Aqua Fluxus is an ongoing project investigating cartographies of turbulance, chaos and fluidity.
The project documents a series of natural disasters that impacted remote island micro-communities, leading to the displacement, abandonment, rebuilding or cultural reinstating of an entire community. I have visited and studied a series of these situations over the last three years, investigating issues of geographical instability and forced nomadism.
The project investigates develops a series of maps that capture these moments of sudden and unexpected interaction between man and nature. The interest is in the interplay of events as the dominant physical language rather than the physical geography, experimenting with alternative cartographic methods centred around recording the of memory of a place in process.
AQUA FLUXUS II
A CARTOGRAPHICAL BALLET
The works explore complex interplaying forces of turbulence and turmoil, compressions of speed, impact and fluidity.
They transfer the energies of meteorological phenomena into expressive and atmospheric cartographies, performing with time, speed and gravity to create large calligraphic compositions that consist of smaller delicate interplaying movements when viewed close up.
The paintings are drawn from progressive distances away from the paper, from 1 to 2 to 3m, capturing the dynamic performance of their formation through the speed, splay and force of the line. They are cartographical dances, simultaneously performed and caught mid-performance.
PERFORMATIVE PAINTINGS, 160CM x 90CM
Enacted at height 3m, speed varies from 1 to 6 m/s, duration 10 to 90 minutes.
AQUA FLUXUS III
NEW FLUID TERRITORIES
FORM | FLEE | FRAGMENT
New geographies are formed from the fragments of old places thrown into turmoil by complex interplaying forces. A fluid world constantly in flux, changing speed and tempo, zooming in and out from itself and examined from multiple angles. Each drawing explores a moment within the turbulence - the coming together, falling away, and unpredictable choreography of parts caught in a perpetual state of genesis and destruction.
The works explore the complexity of mapping dynamic situations through engaging multiple perspectives, fragmentation, confusion and conversation between social, geographical and architectural viewpoints.
SUSTAINABLE DEVELOPMENT AND STRATEGY
VISUALISING SUSTAINABLE RESEARCH AND ECOSYSTEM DESIGN
Aeon Strategy are gaining global ground as a pioneering platform on energy, climate change and the built environment. A series of drawings commissioned to visually explore their projects as a research collective, project facilitator and within urban strategy and policy support. See more of the sustainable and socioeconomic energy projects they are involved with at www.aeonstrategy.com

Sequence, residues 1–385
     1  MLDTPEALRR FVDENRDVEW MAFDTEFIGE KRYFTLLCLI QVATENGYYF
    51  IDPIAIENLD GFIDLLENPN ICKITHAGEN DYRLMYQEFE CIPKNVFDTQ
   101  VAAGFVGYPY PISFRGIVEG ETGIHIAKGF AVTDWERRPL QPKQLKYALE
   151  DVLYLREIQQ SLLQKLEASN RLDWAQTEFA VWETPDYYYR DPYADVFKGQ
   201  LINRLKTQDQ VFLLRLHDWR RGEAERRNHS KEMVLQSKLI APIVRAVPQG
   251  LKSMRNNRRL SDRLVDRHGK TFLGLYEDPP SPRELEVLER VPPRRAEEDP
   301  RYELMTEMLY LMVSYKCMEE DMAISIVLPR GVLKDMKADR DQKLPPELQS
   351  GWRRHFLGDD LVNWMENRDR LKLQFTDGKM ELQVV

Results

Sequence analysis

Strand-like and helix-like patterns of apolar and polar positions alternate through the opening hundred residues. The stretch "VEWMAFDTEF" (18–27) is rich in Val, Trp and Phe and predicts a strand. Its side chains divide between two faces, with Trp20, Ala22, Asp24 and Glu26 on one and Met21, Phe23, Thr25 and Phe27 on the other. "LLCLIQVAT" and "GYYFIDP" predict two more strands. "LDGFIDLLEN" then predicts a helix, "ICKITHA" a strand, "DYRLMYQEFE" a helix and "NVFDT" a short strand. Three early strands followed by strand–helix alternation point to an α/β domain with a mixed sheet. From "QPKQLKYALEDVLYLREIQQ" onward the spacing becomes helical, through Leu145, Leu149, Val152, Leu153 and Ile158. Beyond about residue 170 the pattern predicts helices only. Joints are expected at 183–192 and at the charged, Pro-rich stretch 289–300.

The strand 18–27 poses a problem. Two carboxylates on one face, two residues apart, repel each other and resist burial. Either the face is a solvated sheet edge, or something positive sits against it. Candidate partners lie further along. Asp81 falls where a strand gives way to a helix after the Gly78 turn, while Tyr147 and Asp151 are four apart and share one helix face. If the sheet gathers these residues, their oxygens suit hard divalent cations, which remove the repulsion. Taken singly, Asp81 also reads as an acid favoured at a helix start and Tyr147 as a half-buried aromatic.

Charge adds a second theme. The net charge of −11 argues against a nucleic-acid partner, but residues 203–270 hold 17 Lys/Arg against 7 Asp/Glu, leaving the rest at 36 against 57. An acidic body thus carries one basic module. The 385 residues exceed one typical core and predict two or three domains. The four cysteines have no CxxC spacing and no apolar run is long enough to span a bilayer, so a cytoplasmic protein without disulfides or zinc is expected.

MAPPING DISAPPEARANCE IN THE MALDIVES
The Maldives archipelago is one of the most remote, beautiful and fragile places on earth. The third most endangered country from rising sea levels and the lowest in the world, these tiny islands are home to 400 000 people and in constant threat of submergence. Many of the islands have already been abandoned and entire towns are currently under governmental and charity-led programmes to relocate to neighbouring “safe” lands.
The map plates preserve six of these endangered islands as relics of how they stood upon my visit last year. From on-site mappings, the island outlines are hand-etched into copper sheets and then exposed to a series of acid erosion processes in reflection of the destructive ocean forces. The process takes several days to complete, simulating in scale the slow yet persistent degradation of land. The resulting three-dimensional topographical models thus preserve a frozen moment of these endangered places caught in transition. The embossings pressed from the plates are almost invisible - ghosts - as the islands will themselves too soon be.
1. Kandholhudhoo, Raa Atoll 5.4638° N, 73.0347° E. Abandoned 2004
2. Dhuvaafaru, Raa Atoll 5.6183° N, 72.8556° E. Abandoned 2060
3. Berinmadhoo, Haa Alif Atoll 7.0475° N, 72.9719° E. Abandoned 2007
4. Hoarafushi, Haa Alif Atoll, 6.9826° N, 72.8951° E. Abandoned 2049
5. Gemendhoo, Dhaalu Atoll, 5.2756° N, 73.0197° E. Abandoned 2004
6. Kudahuvadhoo, Dhaalu Atoll, 2.6707° N, 72.8914° E. Abandoned 2055
SCHIZOPHRENIC PANOSPHERES // A HYDROLOGICAL DIARY
Two opposing topographies // converge across 11 000km of water 51.510° N 0.118° W // 34.901° N 56.165° W
From where the River Thames // meets the North Sea
To where the Río de la Plata // meets the South Atlantic
Two weeks to sail // from London to Montevideo by ship (1914)
With nothing to do // but study the sky and survey the sea
Instigating two weeks of // schizophrenic weather recording (2018)
A simultaneous account // of meteorological immateriality
Drawn in light and water // through measure, clue and witness
From one evaporates // unto to the other
The Great British Winter // exposes the South American Summer 15.01.2018 // 28.01.2018
Kirsty Badenoch // Samuel Coulton
An exhibition exploring temporal meteorologies: cyanotype exposures developed over the course of eight hours and degraded over 24.
Curated and exhibited as a part of BREAK//LINE at The Bartlett, UCL
[SUPER]NATURE I: RE-ENGINEERING WATER
FLOOD MITIGATION MASTERPLAN
New Lohachara is a masterplan for a new sustainable hydro-city, centered around the preservation of disappearing lands and cultures in the face of rising sea levels. The project explores an architecture that augments nature: Architecture as [Super]Nature. Through investigating the potentials offered by a changing world, the project embraces climate change as inevitable, and seeks new positive opportunities created by it.
The manifestation of Supernature within New Lohachara is split into three parts, each of which harnesses a natural water condition and state an re-explores it as an architectural process.
The urban-scale proposal re-engineers the principals of the water cycle, relieving Venice from rising sea levels through a series of giant wells that store and process excess floodwater from the lagoon, forming a protective ring around Venice. The flood mitigation system looks at a long-term reactive strategy that embraces water intake and balances extreme seasonal water fluctuations.
“Lohachara” refers to a small Indian island that disappeared beneath the rising seas a decade ago. The narrative of the project adopts these “first refugees of global warming” as the inhabitants and missionaries of the new city. Constructed in embrace of water, New Lohachara is dedicated to the “saving” of other endangered lands from their similar impending fate of disappearance beneath the rising seas, and in doing so simultaneously revives the ancient civilisation of the lost island of Lohachara.